Feature of the Month: Jane Austen at 200

Mansfield Park
Jane Austen; ill. by Hugh Thomson
London: Macmillan, 1897
[A.D.C.] C.083

Does she remain England’s most famous novelist? Whether she is or not, Jane Austen’s name requires no glossing. On the 200th anniversary of her death, we are featuring Austen’s most controversial novel, Mansfield Park. Written between February 1811 and summer 1813, this was Austen’s third novel to be published (following Sense and Sensibility and Pride and Prejudice) and was the first to be composed and published exclusively in Austen’s adulthood. It is perhaps the least favourite among readers, breaking from the sparkling wit of Austen’s earlier publications, set largely in the home of a baronet who profited from the slave trade, and featuring in the person of Fanny Price a passive heroine. But Austen herself, whilst describing it as ‘not half so entertaining’ as her previous works, liked it. She was confident that it would sell well, as indeed the first edition, published by Thomas Egerton in 1814 did: the 1,500 copies, priced at 18 shillings each in boards, sold out in six months. Egerton’s decision not to reprint, however, proved to be a good business decision, for the second edition, revised sparingly by Austen and published in 1816 by John Murray, barely sold at all, and Austen had to fund the publication from profits made through Emma.

Later, the novel fared better. It appeared in French translation in 1816, and the first American edition came out in 1832. By the time Macmillan published the book in 1897, it had been printed by Chapman and Hall (1870), Groombridge (1875), Ward, Lock & Co. (1881), John Dicks (1885), Walter Scott (1889) and Dent (1892), as well as several times by Simms & McIntyre (Belfast), Routledge, and especially by Richard Bentley. With forty line drawings, the Macmillan edition shown was the most copiously illustrated to date. There had been illustrated editions before—an anonymous wood-engraved frontispiece in the editions produced by Ticknor & Fields of Boston (1863) and by Routledge (1876); eight wood engravings by F. Gilbert in the Dicks edition of 1885; six sepia plates by William C. Cooke in Reginald Brimley Johnson’s edition of 1892—but nothing using this method, by a man so popular or influential in his time, or so extensive. Hugh Thomson (1860-1920) had already illustrated Pride and Prejudice, Emma, and Sense and Sensibility before turning his hand to Mansfield Park, and subsequently illustrated Northanger Abbey and Persuasion. Together with Charles E. Brock (1870-1938), who was illustrating the novels contemporaneously with Thomson, he is probably Austen’s main illustrator, whose work has been described as providing a charming and accessible gloss to Austen’s work with his light touch and feeling for the period (Olivia Fitzpatrick, Oxford Dictionary of National Biography).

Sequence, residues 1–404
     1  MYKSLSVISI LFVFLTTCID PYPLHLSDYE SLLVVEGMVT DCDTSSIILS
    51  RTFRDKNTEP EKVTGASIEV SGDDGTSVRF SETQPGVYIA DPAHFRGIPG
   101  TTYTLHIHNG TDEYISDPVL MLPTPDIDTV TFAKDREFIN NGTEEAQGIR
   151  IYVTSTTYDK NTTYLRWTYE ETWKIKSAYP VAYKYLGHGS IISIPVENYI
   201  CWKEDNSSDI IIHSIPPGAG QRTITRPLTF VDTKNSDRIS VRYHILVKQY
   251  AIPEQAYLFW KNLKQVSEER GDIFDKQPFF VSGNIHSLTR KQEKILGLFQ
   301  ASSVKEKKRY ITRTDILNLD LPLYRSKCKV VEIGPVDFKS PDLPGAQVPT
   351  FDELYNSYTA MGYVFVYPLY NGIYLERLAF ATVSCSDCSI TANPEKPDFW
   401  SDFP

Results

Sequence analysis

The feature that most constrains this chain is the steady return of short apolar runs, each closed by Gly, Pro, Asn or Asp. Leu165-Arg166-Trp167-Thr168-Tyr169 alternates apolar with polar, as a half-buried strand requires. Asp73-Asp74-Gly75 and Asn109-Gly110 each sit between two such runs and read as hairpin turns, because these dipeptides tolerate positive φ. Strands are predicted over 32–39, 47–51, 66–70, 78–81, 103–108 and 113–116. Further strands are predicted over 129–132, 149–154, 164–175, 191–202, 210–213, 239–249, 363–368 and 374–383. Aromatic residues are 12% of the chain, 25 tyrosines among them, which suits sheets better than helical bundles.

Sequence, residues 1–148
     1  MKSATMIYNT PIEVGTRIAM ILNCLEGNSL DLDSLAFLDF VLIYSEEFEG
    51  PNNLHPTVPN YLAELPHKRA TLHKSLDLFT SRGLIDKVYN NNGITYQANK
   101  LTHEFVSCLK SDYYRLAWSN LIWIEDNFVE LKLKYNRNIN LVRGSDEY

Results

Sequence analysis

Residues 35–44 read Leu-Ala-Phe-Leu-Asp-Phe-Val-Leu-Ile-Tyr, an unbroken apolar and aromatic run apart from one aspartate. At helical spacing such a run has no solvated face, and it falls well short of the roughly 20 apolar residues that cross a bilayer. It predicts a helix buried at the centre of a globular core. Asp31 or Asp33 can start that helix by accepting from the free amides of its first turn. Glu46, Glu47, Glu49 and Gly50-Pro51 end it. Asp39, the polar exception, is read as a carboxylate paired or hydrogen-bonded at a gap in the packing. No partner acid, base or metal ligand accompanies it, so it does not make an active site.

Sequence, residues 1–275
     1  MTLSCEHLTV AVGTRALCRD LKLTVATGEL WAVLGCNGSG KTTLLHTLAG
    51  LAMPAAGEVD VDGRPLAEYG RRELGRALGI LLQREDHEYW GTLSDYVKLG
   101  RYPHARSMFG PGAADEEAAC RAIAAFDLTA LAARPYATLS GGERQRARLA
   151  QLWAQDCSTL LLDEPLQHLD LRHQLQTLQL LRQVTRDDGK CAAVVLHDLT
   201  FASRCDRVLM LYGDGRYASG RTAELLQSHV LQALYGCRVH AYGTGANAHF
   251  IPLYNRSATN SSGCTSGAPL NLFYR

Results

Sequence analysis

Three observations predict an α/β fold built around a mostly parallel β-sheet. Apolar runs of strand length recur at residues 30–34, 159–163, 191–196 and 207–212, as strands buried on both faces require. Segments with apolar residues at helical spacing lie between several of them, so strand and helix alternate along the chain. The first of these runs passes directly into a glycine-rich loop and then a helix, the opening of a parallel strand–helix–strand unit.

This edition includes a nine-page introduction by the poet, critic and author Austin Dobson (1840-1821), who between 1895 and 1897 introduced all the Austen novels for Macmillan—and who, coincidentally, was a lifelong friend of the illustrator, Hugh Thomson. It is through the Dobson connection that the book entered Senate House Library. Austin Dobson’s youngest son, Alban, collected his father’s work (texts, editions, works with contributions by Austin Dobson, and manuscript material) and donated it to Senate House Library in 1946. Other members of the Dobson family and library purchases augmented the collection. As an aside, the copy is a testament to an unknown friendship. The copy had been purchased in the year of its publication, being inscribed: ‘To Grace from Florence, Christmas, 1897’, and later passed on to a bosom friend: ‘Grace’s keepsake to Kitty Hayward August 1901’.

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